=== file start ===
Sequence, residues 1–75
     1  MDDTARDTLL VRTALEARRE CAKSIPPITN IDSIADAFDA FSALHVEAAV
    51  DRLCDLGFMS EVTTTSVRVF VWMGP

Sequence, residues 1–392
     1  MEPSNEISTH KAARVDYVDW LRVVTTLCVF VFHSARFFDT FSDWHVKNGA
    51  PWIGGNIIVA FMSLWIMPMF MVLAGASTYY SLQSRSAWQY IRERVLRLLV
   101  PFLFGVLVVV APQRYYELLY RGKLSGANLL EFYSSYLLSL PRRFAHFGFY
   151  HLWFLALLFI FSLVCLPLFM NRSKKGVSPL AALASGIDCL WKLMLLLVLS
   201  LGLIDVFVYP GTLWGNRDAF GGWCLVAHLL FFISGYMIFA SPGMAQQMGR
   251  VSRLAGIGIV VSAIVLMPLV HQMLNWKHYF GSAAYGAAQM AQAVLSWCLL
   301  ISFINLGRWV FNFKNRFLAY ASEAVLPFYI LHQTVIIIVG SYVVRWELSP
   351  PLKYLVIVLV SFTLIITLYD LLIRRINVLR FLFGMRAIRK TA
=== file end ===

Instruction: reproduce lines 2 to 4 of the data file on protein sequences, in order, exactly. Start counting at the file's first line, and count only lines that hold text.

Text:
     1  MDDTARDTLL VRTALEARRE CAKSIPPITN IDSIADAFDA FSALHVEAAV
    51  DRLCDLGFMS EVTTTSVRVF VWMGP

Sequence, residues 1–392